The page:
You Can Buy the Steve McQueen Great Escape Bike And Help Out A Charity
One of the most recognized motorcycle scenes in the history of the movies has inspired a bike created for the 2011 Great Escape 2 movie.
Fifty RAF officers died in the backlash after the so-called “Great Escape” from the German prisoner of war camp Stalag Luft III in March 1944, and a bike created to commemorate the event will be sold during a Bonhams’ auction of Collectors’ Motorcars and Motorcycles on Thursday, Dec. 1, at Mercedes Benz World in England.
The bike, based on a 2011 Triumph Bonneville T100, represents a modern version of the bike ridden by Steve McQueen in the 1963 film The Great Escape which pitted prisoners of war against their German captors and starred Richard Attenborough, James Garner and Steve McQueen.
McQueen’s most famous role may well have been that of Captain Virgil Hilts in ‘The Great Escape’, but it was McQueen’s pal, Bud Ekins, who actually rode the bike for the most famous motorcycle jump in the movies.
The bike is being sold with the registration ‘WW11 POW’ and the auctioneers believe it will fetch some $14,000-18,000. While the bike isn’t necessarily historically accurate, it does a fine job of simulating the one Ekins used for the famous “wire jump” scene. McQueen rode a 1962 Triumph TR6 Trophy in that film. The McQueen bike will be joined by six other classic Triumphs from the factory’s model line on a tour to raise money for The Royal British Legion and ‘Help for Heroes’.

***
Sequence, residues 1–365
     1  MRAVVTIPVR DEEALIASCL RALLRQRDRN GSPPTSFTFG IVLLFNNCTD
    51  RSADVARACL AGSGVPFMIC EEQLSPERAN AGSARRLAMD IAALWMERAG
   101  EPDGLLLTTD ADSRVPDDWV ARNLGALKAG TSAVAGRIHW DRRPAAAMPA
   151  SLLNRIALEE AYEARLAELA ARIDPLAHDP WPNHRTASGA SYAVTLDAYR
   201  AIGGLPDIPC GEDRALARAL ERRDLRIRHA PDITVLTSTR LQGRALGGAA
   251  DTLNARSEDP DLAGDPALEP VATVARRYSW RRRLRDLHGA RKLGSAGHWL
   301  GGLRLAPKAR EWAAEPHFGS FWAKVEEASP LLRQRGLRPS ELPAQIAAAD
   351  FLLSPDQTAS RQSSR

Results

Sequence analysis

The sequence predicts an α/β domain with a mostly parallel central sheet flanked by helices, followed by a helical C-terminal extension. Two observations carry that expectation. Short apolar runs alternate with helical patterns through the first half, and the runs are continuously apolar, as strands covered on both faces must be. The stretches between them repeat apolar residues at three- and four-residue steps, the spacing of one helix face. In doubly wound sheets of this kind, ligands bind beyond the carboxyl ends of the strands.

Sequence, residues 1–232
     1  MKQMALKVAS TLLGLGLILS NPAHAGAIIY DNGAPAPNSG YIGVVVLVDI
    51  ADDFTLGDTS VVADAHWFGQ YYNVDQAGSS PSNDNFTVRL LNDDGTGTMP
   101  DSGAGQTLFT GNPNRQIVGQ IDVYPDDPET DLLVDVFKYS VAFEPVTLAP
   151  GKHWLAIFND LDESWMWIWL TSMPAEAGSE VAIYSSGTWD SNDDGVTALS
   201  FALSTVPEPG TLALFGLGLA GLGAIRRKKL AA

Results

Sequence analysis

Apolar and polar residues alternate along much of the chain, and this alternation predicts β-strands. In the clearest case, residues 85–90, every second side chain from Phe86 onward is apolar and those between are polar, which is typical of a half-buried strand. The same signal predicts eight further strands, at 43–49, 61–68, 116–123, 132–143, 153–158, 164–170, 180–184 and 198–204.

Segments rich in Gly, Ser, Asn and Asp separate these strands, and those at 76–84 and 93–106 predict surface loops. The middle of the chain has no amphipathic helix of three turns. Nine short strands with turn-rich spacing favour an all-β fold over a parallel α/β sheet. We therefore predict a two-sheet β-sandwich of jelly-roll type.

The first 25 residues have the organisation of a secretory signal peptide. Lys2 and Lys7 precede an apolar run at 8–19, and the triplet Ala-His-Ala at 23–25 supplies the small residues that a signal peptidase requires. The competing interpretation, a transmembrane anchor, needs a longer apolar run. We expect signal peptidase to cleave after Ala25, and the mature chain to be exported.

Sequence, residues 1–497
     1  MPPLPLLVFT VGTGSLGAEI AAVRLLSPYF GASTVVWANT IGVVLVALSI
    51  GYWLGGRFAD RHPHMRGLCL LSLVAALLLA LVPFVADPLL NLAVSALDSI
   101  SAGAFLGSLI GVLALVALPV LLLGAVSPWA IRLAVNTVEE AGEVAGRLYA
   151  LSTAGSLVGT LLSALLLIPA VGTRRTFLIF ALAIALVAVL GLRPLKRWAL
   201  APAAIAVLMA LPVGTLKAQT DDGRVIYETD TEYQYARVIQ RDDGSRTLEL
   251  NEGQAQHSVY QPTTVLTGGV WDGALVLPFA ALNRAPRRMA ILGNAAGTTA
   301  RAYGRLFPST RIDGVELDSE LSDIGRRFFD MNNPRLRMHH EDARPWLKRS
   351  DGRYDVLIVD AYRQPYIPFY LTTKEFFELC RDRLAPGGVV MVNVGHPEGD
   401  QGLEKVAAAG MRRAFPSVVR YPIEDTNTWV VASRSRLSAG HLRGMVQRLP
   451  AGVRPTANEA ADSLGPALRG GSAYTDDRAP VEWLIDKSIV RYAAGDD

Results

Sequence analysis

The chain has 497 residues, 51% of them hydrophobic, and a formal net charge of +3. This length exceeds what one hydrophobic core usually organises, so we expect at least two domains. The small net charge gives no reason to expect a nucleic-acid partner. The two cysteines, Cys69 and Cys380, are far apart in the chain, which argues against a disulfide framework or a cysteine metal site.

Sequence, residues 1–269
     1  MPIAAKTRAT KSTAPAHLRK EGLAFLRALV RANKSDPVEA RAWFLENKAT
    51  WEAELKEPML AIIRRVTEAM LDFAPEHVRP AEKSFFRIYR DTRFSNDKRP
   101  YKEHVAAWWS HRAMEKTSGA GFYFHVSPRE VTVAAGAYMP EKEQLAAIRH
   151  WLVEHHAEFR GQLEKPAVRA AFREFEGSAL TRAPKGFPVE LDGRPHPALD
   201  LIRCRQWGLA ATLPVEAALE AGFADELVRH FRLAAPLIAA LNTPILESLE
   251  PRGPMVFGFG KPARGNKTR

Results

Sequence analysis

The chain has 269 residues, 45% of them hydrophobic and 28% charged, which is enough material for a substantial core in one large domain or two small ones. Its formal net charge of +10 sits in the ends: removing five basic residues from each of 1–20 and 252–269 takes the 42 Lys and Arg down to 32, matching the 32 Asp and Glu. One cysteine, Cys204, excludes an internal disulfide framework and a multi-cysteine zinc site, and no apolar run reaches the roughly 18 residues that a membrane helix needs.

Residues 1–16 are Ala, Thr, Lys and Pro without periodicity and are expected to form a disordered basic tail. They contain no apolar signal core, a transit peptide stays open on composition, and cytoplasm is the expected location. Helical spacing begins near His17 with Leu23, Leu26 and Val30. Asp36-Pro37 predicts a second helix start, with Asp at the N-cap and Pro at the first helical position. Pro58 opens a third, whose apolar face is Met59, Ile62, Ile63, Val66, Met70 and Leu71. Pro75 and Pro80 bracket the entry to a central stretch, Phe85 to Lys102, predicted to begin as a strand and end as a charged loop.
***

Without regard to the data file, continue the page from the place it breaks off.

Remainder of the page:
The Great Escape bike is a 2011 Triumph T100 modified to incorporate Hagon shocks, wider handlebars, modified mudguards, a military paint scheme, asolo seat and Triumph performance exhaust. The bike has already covered 5,000 miles and it’s in excellent condition after a factory service, and as an added bonus, it’s still under the manufacturer’s warranty. What do you get with your purchase? As part of the deal, you’ll get a photographic record of the “Great Escape 2” event.
All sale proceeds will go to Armed Services charities, so you’ll be helping out while you ride.
“It’s a pleasure to be offering this machine on behalf of such worthy causes,” said James Stensel of Bonhams. “The team at GE2 have put in so much effort in to reach the culmination of this project and we ask bidders to bid generously.”
Insuring your collectible or vintage motorcycle
As for insurance for your collectible motorcycle? You should be able to get Agreed Value coverage on a classic 1959 BSA Gold Star Catalina valued at $15,000 for somewhere around $25 a month, and that gives you the whole shooting match of coverage.
You can spend a lot less, but if you plan to ride the bikes in your collection, the above pricing is a reasonable approximation of what you can expect to pay.